April 6, 2008 lia

The scale of authenticity

Abu Dhabi’s an excellent place to have young children, but for an imaginative 20-something, there’s little to do except work. And I’ve been working 10-12 hour days for almost 2 months straight now. 

Abu Dhabi is a peaceful, island city where activities and places are controlled in order to maintain the peaceful status quo. There are no real spontaneous, organic, cool places to discover, no quirky cafes opening, or room for interpreting public space.

I went to Nepal for an extended long weekend in March, and we spent most of our time hanging out with the owners from our hotel — an ultra-cool couple from Seattle — and their ultra-cool friends. The couple met in Seattle and returned to the husband’s homeland a few years ago to re-build his childhood home into a guesthouse, and they enjoy hosting their guests as if they are old friends at home, and they have all sorts of funky ex-pat friends who own restaurants and bars around Kathmandu. One evening, we were sitting around a fire at an open roof Korean resto-bar, having drinks with the American Embassy crew, talking about how much we appreciated having all these stylish and interesting places to go to in Kathmandu:

– Yah, but this is not the Kathmandu experience.
– I disagree. This is a Kathmandu experience, and something I have no guilt enjoying, because it’s still something I cannot get in Abu Dhabi.
– Yah, but this is not the real Kathmandu.     Look around you — we’re all ex-pats.
– I totally get what you’re saying, and if I hadn’t just spent half the weekend staying with the family of our tea boy in his village, then I would probably walk away from this long weekend feeling rather empty about my experience in Nepal. But, on the scale of authenticity, sitting on this rooftop in Kathmandu, drinking Black Russians with a bunch of Americans, Koreans, and one Napalese person still ranks many notches higher than anything I’ve managed to find in inauthentic Abu Dhabi.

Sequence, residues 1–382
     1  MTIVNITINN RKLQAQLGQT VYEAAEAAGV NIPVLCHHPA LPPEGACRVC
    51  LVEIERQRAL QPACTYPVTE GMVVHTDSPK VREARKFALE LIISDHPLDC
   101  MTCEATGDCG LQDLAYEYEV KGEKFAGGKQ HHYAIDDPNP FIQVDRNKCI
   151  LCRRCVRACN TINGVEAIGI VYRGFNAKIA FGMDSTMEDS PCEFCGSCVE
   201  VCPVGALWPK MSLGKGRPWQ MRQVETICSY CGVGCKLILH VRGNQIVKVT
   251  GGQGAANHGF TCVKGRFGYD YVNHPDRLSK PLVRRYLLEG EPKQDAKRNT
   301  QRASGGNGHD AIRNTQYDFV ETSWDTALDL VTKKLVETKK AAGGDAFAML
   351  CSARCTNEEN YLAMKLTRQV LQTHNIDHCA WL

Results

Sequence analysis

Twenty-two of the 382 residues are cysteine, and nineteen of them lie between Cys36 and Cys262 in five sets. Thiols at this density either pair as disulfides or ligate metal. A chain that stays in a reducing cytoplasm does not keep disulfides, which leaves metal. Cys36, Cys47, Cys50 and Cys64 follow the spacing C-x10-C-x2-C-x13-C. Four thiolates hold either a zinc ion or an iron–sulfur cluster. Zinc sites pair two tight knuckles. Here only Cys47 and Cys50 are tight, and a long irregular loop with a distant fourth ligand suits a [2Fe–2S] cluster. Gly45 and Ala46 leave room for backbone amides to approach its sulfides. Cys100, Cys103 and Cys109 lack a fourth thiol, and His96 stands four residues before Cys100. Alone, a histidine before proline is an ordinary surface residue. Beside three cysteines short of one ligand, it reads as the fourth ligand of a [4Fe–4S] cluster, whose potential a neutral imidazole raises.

I think I spend very little time really “in” Abu Dhabi. It’s not a bad place here, in fact, I think it would be heaven to raise small children here. And I hate it when people complain that there’s nothing to do, because we have everything we need here, and people leave you in peace on the streets, and we’re given space. But the truth is that Abu Dhabi is just too chill, with a focus on families. And 5 months of the year it’s too hot to go outside.

Largely because of this simple climatic fact, much of life in Abu Dhabi feels very manufactured. Most urban activities were designed to avoid the reality of the outside world — air conditioning runs all year round, and they even tore down the old central souk in order to build a ‘modern’ indoor one (ah, when you build a souk indoors, it’s called a ‘mall’, and there are already plenty in Abu Dhabi!)

Mostly I lead a very domestic life. Topics of conversation revolve around work (almost my entire social circle are people I work with), buying furniture (I’m in the midst of my second move already, and there are always new people coming who inevitably talk about furniture), and cars (I just bought a pimped SUV – the most fuel-efficient SUV available in UAE, by the way). I lead more of a Burnaby life now than I ever lead in Burnaby!

The real world only bullies its way into one’s life here when something goes wrong — such as finding accomodation. My move has been filled with drama — I was kicked out of my flat by building management because they want new tenants so that they can ask for more bribe money, then the roommate turned on me and displayed her un-humanly selfish and victimized attitude in its full glory, it took 2 months to find a new place to live (which we’re paying $50,000 per year in rent for by the way — Abu Dhabi is ridiculous for housing!!!), and now I’m homeless until the new pad is ready for moving in.

Even in family-oriented Abu Dhabi I seem to find some authentic drama to keep me entertained.